• calcification;
  • CO2;
  • Corallina sessilis;
  • coralline algae;
  • ocean acidification;
  • photosynthesis;
  • UV;
  • UV-absorbing compounds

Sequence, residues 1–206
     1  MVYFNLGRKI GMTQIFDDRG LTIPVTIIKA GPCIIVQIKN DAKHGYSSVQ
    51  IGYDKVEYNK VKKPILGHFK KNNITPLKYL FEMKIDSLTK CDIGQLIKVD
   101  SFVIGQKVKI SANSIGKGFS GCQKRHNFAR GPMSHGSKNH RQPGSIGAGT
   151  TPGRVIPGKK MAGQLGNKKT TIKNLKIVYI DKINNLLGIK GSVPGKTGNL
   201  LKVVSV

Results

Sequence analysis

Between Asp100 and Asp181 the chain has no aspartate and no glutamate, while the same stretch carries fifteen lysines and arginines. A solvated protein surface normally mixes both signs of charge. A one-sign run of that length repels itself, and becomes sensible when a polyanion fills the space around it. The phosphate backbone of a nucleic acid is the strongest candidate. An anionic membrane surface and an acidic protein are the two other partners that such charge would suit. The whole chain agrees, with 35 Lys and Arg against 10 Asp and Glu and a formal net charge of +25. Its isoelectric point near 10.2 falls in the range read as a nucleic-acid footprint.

Previous studies have shown that increasing atmospheric CO2 concentrations affect calcification in some planktonic and macroalgal calcifiers due to the changed carbonate chemistry of seawater. However, little is known regarding how calcifying algae respond to solar UV radiation (UVR, UVA+UVB, 280–400 nm). UVR may act synergistically, antagonistically or independently with ocean acidification (high CO2/low pH of seawater) to affect their calcification processes. We cultured the articulated coralline alga Corallina sessilis Yendo at 380 ppmv (low) and 1000 ppmv (high) CO2 levels while exposing the alga to solar radiation treatments with or without UVR. The presence of UVR inhibited the growth, photosynthetic O2 evolution and calcification rates by13%, 6% and 3% in the low and by 47%, 20% and 8% in the high CO2 concentrations, respectively, reflecting a synergistic effect of CO2 enrichment with UVR. UVR induced significant decline of pH in the CO2-enriched cultures. The contents of key photosynthetic pigments, chlorophyll a and phycobiliproteins decreased, while UV-absorptivity increased under the high pCO2/low pH condition. Nevertheless, UV-induced inhibition of photosynthesis increased when the ratio of particulate inorganic carbon/particulate organic carbon decreased under the influence of CO2-acidified seawater, suggesting that the calcified layer played a UV-protective role. Both UVA and UVB negatively impacted photosynthesis and calcification, but the inhibition caused by UVB was about 2.5–2.6 times that caused by UVA. The results imply that coralline algae suffer from more damage caused by UVB as they calcify less and less with progressing ocean acidification.